On Sept 19 Oxfam published research that many donor countries were not giving their fair share of humanitarian aid to Syria.
We calculated New Zealand’s 2013 contribution at around US$100,000 or 1 per cent of its “fair share”, based on its wealth, of US$10m. The New Zealand government has since responded that its contribution to date is actually NZ$5.46m (approximately US$4.2m), made up as follows:
- $1.25m to UNHCR to assist up to 100,000 Syrian refugees in Turkey and Jordan under the UN Regional Response Plan
- $1.5m through the ICRC to assist over a million Syrian people in Lebanon and Syria;
- $0.25m to UNRWA to assist up to 200,000 Palestinian refugees in Jordan;
- $0.74m to the Government of Turkey to build three schools for Syrian refugees;
- $1m through the World Food Programme to help buy food for refugees in Jordan;
- $0.72m to support New Zealand non-government organisations working to address the urgent humanitarian needs of Syrian refugees.
Oxfam is happy to update these figures and acknowledge New Zealand’s much more substantial contribution to the Syrian crisis response. These new figures put New Zealand as giving 42 per cent of their “fair share” to the UN appeal for Syria (the data may include funding prior to 2013).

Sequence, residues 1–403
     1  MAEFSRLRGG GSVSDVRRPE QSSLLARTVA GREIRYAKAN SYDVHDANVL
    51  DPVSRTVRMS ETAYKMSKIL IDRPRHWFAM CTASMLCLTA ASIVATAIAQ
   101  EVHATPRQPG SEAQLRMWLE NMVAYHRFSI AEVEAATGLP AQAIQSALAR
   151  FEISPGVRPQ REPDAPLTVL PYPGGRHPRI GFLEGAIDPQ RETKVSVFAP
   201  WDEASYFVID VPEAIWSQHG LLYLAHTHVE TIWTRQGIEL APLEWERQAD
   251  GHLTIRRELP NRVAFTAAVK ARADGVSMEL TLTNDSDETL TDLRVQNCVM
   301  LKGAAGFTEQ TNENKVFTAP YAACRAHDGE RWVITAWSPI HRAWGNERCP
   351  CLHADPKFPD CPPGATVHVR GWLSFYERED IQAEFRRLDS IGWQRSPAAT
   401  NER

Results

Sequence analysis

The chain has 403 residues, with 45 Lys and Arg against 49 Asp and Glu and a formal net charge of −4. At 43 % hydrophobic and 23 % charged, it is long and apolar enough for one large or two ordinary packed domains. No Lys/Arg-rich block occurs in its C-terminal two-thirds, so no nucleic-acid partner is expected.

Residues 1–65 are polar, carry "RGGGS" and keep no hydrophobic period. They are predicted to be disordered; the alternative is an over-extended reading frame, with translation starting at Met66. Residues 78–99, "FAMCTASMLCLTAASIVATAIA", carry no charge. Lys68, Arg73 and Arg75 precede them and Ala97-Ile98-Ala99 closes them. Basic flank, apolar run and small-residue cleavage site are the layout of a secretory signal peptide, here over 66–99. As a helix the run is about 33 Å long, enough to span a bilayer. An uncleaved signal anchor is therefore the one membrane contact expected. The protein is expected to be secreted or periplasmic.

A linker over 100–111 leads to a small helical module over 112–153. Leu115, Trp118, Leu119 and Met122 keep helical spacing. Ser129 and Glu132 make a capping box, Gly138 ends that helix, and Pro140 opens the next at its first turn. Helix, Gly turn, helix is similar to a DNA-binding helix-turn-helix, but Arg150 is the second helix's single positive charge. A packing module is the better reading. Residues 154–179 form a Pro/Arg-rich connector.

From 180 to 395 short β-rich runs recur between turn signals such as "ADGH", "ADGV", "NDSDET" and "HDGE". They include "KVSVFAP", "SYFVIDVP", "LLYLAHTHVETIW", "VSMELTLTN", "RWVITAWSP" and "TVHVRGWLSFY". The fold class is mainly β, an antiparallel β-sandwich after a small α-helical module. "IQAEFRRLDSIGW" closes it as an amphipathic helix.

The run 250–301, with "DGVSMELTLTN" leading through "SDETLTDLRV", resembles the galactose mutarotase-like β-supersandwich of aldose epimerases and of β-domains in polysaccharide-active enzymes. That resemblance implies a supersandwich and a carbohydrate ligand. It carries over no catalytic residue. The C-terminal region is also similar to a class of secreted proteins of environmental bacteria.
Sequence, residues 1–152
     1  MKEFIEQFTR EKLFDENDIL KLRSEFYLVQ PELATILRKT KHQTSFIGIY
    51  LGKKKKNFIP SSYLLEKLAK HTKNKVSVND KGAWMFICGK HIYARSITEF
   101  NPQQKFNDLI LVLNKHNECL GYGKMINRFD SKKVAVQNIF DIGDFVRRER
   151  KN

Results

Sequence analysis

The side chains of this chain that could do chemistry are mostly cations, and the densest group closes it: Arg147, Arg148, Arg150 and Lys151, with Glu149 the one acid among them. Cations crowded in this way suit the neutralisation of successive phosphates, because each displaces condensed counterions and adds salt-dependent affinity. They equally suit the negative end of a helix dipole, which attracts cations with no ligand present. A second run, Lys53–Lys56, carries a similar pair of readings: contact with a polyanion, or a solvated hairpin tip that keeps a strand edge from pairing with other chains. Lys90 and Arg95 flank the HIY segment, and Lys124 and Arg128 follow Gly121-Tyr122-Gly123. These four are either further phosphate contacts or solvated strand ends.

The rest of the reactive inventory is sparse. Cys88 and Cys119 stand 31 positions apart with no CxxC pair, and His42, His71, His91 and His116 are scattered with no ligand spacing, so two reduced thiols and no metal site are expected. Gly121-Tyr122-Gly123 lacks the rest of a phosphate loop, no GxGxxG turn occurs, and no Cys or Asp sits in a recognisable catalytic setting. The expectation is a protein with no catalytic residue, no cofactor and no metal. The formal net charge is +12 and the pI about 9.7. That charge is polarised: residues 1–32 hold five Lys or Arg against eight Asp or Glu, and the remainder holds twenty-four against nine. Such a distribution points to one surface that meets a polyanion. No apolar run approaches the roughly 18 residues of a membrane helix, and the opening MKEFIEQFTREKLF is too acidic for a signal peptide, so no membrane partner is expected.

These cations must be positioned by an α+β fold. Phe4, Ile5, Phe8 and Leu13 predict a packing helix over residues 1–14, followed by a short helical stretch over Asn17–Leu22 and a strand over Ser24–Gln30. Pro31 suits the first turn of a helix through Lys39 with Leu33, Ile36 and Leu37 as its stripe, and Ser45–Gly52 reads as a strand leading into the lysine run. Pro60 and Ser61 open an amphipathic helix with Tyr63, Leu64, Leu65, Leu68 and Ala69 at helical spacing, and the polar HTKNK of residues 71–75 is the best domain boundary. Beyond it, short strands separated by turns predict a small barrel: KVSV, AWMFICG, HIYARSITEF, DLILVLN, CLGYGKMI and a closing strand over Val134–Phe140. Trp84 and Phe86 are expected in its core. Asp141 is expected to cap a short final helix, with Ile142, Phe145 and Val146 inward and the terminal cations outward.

The discrepancy in the data arose because New Zealand did not record its contributions properly to the Financial Tracking Service (FTS), the most comprehensive database of humanitarian assistance administered by the Office for Coordination of Humanitarian Affairs (OCHA). The FTS requires donors to “self-report”, as a principle of good and transparent donorship. Oxfam double-checked all countries against their FTS records on the day of publication.
New Zealand also says it has made a US$1.6m contribution to the UN’s Central Emergency Response Fund (CERF). This is true. But the CERF is money mobilised across all emergencies around the world – not just to Syria. We calculated that New Zealand’s proportional contribution to Syria through the CERF was around $100,000.
Whilst Oxfam was clear that its research was based on figures contained in the FTS, we acknowledge that additional efforts could have been made to check the figures with the Government of New Zealand and regret that the press release gave an impression that New Zealand has been the lowest contributor to funding for this crucial humanitarian response.